At first, I am uneasy about stepping with bare feet into the thick layer of fallen fruit. I try to step lightly to keep my feet from getting too yucky all over with sticky orangish-brownish muck, but I have to give up. Now that my feet are completely covered and the brown line of mush is rising closer to my ankles, I’m starting to enjoy the feeling of the squish under my feet.

My mom and aunt notice that I have joined the group. “Aren’t they delicious?” they ask.

I hadn’t even eaten one yet–I have catching up to do. I pick the first nectarine I see. It comes off so easily, like it's falling into my hands, and I almost drop it. It's whole and complete and smells so good I know it will taste delicious. I take a big bite and the juice squirts everywhere, running down my chin. I am so messy, but I feel wonderful. It’s hard to believe we are surrounded by so much abundance, and for free.

             My mom and aunt like to pick the nectarines off the ground just after they fall, and eat them right away. They say nectarines are the best when they are so ripe and heavy that the tree can’t hold them anymore. I like picking them off the tree better, so I don’t have to figure out which one had fallen last to the slimy ground and wipe it off before eating it. They seem more perfect straight from the tree, and there are so many that I can reach. It seems kind of funny to pick them off of the muck floor when there are so many still in the trees. Maybe their plan is to first salvage the ground fruit and then move into the trees. I don’t know how they are going to keep up—the fruit is falling so constantly. I think they are mostly eating the ones already fallen and saving the firmer fruit in boxes.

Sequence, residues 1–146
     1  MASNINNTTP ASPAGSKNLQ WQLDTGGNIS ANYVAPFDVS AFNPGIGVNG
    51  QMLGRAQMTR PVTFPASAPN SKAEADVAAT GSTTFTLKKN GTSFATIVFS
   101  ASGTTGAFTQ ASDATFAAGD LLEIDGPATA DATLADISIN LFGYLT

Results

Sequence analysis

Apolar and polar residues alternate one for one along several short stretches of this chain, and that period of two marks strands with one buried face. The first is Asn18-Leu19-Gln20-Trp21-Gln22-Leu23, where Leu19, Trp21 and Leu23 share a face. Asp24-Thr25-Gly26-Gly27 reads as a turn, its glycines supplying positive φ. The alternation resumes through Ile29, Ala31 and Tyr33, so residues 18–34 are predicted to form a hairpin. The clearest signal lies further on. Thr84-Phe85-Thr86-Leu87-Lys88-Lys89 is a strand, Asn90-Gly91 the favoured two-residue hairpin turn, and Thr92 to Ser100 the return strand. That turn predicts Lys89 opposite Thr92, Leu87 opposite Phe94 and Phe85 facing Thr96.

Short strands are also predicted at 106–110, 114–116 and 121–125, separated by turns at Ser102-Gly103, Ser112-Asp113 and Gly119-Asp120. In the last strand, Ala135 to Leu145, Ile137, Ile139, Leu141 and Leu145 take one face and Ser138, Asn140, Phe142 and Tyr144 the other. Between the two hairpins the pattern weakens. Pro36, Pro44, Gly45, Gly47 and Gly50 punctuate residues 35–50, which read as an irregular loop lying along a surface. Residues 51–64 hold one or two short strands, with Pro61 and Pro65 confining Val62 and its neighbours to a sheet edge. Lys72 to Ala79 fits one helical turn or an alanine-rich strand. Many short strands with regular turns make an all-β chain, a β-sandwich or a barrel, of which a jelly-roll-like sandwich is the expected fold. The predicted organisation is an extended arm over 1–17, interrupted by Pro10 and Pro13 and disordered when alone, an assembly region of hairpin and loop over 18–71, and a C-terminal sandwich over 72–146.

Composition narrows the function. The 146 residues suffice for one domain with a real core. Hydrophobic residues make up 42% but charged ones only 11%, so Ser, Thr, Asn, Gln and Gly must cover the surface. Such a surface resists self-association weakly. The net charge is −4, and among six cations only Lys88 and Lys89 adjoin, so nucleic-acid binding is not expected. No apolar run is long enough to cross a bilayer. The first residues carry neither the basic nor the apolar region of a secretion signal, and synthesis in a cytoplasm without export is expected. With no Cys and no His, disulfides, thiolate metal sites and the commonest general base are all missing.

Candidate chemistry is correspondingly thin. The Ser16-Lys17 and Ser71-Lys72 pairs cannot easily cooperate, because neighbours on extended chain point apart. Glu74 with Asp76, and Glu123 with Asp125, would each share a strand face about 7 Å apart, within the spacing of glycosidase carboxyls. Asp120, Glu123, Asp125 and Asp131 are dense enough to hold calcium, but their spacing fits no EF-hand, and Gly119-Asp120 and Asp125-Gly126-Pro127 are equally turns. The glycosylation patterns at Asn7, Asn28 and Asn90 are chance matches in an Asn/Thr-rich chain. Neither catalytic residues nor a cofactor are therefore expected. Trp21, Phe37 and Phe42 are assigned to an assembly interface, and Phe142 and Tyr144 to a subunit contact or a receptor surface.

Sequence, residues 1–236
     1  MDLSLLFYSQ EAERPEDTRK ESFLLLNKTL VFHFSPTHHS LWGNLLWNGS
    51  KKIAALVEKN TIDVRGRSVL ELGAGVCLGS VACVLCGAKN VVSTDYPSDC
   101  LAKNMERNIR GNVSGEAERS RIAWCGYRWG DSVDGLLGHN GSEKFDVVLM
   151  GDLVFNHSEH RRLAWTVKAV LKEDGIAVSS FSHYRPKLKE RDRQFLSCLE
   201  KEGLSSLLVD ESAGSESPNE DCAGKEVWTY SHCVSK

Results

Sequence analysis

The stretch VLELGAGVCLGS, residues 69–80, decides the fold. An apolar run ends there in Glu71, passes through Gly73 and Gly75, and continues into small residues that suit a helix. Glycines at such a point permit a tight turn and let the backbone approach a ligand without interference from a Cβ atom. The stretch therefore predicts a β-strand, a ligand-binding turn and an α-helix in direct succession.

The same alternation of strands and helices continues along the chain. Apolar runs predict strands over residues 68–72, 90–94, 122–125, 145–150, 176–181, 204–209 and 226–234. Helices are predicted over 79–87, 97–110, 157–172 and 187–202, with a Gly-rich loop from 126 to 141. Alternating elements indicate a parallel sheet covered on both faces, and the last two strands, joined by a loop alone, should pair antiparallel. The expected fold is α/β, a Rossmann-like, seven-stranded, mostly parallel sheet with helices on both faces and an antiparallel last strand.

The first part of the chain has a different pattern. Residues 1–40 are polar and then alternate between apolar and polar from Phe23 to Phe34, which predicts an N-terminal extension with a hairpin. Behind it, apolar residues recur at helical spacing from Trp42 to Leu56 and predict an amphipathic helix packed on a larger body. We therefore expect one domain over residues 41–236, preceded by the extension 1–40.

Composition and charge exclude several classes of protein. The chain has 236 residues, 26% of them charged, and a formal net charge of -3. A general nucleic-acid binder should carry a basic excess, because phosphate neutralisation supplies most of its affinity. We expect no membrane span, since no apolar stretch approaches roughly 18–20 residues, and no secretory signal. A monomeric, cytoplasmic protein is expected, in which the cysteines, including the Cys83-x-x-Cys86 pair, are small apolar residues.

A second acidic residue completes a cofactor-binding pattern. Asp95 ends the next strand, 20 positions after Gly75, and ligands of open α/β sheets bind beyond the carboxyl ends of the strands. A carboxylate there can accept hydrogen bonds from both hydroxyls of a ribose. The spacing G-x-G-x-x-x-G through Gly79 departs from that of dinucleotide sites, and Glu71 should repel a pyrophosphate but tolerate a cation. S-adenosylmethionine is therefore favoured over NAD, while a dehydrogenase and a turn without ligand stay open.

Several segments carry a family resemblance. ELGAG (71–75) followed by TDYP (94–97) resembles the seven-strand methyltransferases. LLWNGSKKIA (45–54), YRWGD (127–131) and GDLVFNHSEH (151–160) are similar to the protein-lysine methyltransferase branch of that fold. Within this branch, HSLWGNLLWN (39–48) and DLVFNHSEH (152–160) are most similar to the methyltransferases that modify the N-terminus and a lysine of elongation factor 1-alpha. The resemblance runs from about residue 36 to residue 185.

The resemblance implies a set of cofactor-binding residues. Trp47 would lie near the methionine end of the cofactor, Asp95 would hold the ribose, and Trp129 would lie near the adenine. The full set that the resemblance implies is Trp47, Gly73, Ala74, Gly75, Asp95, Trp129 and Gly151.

They don’t like to waste food, so much so that they will rescue dying food. I guess that’s what we are doing here. Soon, we will bring the harvest home for processing. We set out the picnic tables in the front yard and unpack the car full of boxes of fresh fruit. We get tools from the kitchen and start sorting, slicing, dicing, and pitting. The ripest ones will be baked into a crisp for the evening’s desert. The firmest ones are saved to be eaten fresh, and everything in between will be frozen, dried or canned and shared with family and friends.


My mom and aunt were members of the gleaning program for as long as I could remember as a child while we were living in central Washington. When the commercial pickers were finished harvesting for the season, the excess was made available to the group of gleaners. It was a natural desert, irrigated into a rich agricultural area, dense with farmland and orchards. There was a wide variety of crops, from potatoes to apricots, during many seasons, but the end-of-the-summer-fruit was always the most memorable.

In fact, the nectarine-mint experience remains one of the favorite stories to tell among the sisters. Their eyes light up at the thought of it. They also no longer live next to such a plush landscape, so they like to reminisce.